Skip to main content

When Economic Instability Turns Deadly

In Greece, there's a link between a weakened economy and mental health.
  • Author:
  • Updated:
The sorrowful, mythological hero Ajax. (Photo: Jdsteakley/Wikimedia Commons)

The sorrowful, mythological hero Ajax. (Photo: Jdsteakley/Wikimedia Commons)

On Monday, Newsweek’s Lauren Zanolli reported on the rising suicide rate in Greece. As the country has fallen into economic instability, so too, it seems, has the mental health of an increasing number of Greek citizens.

"[T]he toll of recent events is written clearly on the faces of many people here," Zanolli writes. "The emotional impact of the crisis has also been steadily chipping away at this country that prides itself on its never-say-die resiliency." Specifically, Zanolli cites a newer study published in BMJ Open, which reports a 35-percent jump in the suicide rate during the first two years of austerity programs.

In periods of economic downturn, suicide becomes a sadly common trend.

A 2012 study in the Lancet found that, in the United States, the suicide rate increased four times faster between 2008 and 2010—the peak of the recession—than it had in the previous eight years. "The rate had been increasing by an average of 0.12 deaths per 100,000 from 1999 through 2007," writes the New York Times’ Benedict Carey in his overview of the study. "In 2008, the rate began increasing by an average of 0.51 deaths per 100,000 people a year."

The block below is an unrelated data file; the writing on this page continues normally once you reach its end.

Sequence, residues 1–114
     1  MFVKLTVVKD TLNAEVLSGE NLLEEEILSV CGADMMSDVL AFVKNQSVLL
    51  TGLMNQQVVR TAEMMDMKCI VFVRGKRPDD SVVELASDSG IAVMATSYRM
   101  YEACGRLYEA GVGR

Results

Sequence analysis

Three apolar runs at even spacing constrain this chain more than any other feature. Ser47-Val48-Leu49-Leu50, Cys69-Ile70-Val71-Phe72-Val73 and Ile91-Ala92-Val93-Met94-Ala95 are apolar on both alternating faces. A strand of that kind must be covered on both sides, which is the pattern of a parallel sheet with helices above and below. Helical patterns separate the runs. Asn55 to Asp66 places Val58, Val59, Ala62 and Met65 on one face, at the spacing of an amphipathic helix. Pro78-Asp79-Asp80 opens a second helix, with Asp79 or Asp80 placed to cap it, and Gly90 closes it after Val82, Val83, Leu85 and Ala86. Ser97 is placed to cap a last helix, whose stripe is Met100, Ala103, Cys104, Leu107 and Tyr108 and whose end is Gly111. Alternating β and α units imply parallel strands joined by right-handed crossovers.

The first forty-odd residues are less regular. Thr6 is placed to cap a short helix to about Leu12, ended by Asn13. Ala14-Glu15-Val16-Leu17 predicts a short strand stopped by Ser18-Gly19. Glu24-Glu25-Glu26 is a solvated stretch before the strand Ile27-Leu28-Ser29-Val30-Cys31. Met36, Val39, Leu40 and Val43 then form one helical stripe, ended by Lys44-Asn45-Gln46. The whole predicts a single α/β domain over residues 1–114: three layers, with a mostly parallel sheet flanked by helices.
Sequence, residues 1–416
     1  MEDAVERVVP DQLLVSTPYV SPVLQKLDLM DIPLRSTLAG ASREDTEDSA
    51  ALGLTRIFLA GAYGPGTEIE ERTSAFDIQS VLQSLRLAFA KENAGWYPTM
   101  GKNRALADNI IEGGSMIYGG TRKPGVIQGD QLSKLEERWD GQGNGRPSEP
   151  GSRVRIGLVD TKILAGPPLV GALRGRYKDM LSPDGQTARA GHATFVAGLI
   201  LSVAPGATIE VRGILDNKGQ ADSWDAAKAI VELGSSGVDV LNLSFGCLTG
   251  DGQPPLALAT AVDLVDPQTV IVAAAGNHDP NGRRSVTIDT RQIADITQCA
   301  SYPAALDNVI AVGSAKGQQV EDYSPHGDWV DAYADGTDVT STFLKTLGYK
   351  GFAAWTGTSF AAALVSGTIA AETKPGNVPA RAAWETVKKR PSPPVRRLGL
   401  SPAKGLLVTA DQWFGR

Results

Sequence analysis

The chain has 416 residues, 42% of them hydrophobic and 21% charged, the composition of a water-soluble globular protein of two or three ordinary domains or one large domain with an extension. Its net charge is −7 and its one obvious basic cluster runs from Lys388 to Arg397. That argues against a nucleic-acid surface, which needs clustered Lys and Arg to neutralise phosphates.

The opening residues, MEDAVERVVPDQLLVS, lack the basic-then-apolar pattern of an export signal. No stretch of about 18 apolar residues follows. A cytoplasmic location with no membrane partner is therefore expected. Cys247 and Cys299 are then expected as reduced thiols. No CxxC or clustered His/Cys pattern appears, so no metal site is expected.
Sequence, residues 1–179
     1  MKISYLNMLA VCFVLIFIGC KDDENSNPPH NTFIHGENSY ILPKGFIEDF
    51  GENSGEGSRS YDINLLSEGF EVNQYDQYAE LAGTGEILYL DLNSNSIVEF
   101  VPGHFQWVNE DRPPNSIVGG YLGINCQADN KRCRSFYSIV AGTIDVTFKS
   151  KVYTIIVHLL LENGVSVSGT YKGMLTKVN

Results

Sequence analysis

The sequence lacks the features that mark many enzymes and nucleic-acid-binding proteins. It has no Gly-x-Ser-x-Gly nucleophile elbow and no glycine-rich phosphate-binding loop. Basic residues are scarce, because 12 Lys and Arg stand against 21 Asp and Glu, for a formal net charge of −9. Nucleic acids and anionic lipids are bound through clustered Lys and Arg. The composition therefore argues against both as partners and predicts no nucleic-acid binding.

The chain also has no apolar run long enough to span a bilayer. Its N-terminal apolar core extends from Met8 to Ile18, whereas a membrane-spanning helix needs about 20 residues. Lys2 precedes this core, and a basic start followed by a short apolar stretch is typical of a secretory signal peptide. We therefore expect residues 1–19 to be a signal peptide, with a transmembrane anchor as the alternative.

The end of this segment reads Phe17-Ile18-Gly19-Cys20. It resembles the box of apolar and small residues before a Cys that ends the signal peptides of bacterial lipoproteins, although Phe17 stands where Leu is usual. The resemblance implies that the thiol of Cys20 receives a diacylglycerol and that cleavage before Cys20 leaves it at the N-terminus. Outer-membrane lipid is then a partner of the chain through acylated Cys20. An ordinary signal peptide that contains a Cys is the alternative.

The cause of rising suicide rates is threefold, according to researchers: job loss, home foreclosures, and debt.

A similar study from 2014 published in the British Journal of Psychiatry confirms as much: "We estimate that the Great Recession is associated with at least 10,000 additional economic suicides between 2008 and 2010," the authors write. The cause of rising suicide rates is threefold, according to researchers: job loss, home foreclosures, and debt. But that’s not to say a recession causes mental illness in previously healthy people; rather, people already suffering from depression tend to find their mental conditions worsen—a fact demonstrated, according to the researchers, by an uptick in anti-depressant prescriptions during observed times of economic strife. This might seem like a non-trivial disparity, but it’s a key point—one that underscores the need for support services, which, given severe austerity measures, might be deemed expendable.

As Zanolli notes in her Newsweek story, Greece's economic downturn has precipitated a decline in health care access, too. "As many as 2.5 million people lack health insurance today," Zanolli writes, "and some 800,000 are estimated to lack unemployment benefits and the means to access health care."

While Greece mulls selling its islands and world-famous ruins to pay off debt, it’s important to consider the 2012 Reuters report in which public health experts singled out Sweden and Finland as countries that avoided spikes in mental illness and suicide by "investing in employment initiatives to help get people back on their feet." Selling off focal points of local tourism—and potentially cutting even more jobs—seems like it would have the opposite effect, no?